Demand elasticity and merger profitability
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This thesis is an extension of a recent study into the relationship between merger size and profitability. It studies a class of Cournot oligopoly with linear cost and quadratic demand. Its focus is to analyze how a merger’s profitability is affected by its size and by the demand elasticity. Such results have not yet been reported in previous studies, perhaps due to the complexity of the equilibrium equation involved. It shows an increase in the demand elasticity also raises a merger’s profitability. Consequently, an increase in the demand elasticity reduces merged members’ critical combined per-merger market share for the merger to be profit enhancing. Comparing with 80% minimum market share requirement for a profitable merger in Salant, Switzer, and Reynolds (1983), a greater market share is needed when the demand function is concave (demand is relatively inelastic), while a smaller market share may still be profitable when the demand function is convex (demand is relatively elastic). In our model, mergers are generally detrimental to public interests by increasing market price and reducing output. However, the merger will be less harmful when the goods are very inelastic.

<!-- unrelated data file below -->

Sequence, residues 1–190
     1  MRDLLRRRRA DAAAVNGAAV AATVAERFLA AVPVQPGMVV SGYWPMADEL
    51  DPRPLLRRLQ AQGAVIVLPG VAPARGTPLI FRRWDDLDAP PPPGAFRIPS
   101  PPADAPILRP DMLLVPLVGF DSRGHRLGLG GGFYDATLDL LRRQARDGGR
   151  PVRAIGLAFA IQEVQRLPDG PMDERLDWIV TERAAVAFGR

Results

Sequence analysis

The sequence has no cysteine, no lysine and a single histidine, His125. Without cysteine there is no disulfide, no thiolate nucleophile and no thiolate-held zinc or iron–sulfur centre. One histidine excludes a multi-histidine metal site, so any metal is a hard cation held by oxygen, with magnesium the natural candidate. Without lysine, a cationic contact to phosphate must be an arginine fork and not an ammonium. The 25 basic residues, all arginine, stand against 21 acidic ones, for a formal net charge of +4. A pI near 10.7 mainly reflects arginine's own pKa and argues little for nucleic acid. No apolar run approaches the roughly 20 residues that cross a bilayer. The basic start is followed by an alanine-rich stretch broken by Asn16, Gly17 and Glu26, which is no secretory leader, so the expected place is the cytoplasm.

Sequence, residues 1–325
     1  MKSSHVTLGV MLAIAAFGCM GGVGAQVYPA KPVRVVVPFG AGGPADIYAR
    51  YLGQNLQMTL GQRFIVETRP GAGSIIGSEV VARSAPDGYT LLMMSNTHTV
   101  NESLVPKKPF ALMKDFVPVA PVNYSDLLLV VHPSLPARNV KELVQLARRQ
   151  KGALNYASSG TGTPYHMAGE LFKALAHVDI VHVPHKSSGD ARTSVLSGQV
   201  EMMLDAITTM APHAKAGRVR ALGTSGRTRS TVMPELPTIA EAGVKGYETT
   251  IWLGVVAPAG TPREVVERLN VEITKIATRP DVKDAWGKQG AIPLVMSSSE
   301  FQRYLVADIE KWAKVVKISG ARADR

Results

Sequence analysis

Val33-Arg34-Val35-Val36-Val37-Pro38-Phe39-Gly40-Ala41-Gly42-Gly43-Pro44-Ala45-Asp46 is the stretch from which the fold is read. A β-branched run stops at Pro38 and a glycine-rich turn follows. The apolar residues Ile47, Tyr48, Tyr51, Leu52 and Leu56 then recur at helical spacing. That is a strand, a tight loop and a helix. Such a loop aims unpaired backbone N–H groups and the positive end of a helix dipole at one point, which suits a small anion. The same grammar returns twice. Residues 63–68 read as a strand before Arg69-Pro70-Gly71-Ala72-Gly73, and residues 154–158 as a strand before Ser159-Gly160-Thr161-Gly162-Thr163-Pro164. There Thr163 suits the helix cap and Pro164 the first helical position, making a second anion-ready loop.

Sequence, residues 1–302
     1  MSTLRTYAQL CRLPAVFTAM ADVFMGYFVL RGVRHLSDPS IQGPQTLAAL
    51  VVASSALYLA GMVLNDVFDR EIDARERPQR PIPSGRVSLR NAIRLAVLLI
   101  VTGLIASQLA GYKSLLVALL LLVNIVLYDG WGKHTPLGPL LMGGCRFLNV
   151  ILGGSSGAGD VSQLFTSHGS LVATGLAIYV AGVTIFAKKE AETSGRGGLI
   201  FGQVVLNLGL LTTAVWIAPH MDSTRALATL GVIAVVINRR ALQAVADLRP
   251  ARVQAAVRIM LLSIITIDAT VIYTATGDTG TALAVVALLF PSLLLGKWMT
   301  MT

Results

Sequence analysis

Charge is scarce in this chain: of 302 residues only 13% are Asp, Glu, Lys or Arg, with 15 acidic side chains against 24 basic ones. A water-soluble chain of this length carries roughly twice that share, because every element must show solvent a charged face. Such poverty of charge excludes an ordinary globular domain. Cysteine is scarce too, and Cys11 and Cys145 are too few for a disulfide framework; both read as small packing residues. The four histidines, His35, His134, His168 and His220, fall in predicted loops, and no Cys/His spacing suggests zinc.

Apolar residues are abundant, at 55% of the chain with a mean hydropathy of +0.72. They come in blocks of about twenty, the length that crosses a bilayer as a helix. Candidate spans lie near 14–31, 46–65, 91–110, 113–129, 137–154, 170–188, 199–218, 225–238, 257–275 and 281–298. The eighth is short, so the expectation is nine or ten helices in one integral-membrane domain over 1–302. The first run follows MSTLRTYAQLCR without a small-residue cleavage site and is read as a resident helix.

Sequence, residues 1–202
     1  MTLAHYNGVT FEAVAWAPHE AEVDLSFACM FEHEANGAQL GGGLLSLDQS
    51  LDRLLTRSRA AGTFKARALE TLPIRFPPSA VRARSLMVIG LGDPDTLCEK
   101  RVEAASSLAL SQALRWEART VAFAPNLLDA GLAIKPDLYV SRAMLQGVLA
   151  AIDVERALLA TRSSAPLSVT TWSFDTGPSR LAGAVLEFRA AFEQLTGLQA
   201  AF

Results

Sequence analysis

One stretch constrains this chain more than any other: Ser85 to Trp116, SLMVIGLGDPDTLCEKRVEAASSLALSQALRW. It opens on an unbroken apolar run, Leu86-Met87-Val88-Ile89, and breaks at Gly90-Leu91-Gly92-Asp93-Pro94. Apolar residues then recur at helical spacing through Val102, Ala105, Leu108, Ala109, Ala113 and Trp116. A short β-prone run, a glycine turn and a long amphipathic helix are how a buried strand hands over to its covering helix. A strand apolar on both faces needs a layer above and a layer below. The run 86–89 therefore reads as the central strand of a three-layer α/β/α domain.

DegreeMaster of Arts (M.A.)
CommitteeSari, Nazmi; Huq, M. Mobinul; Howe, Eric; Fulton, Murray E.
Copyright DateJune 2005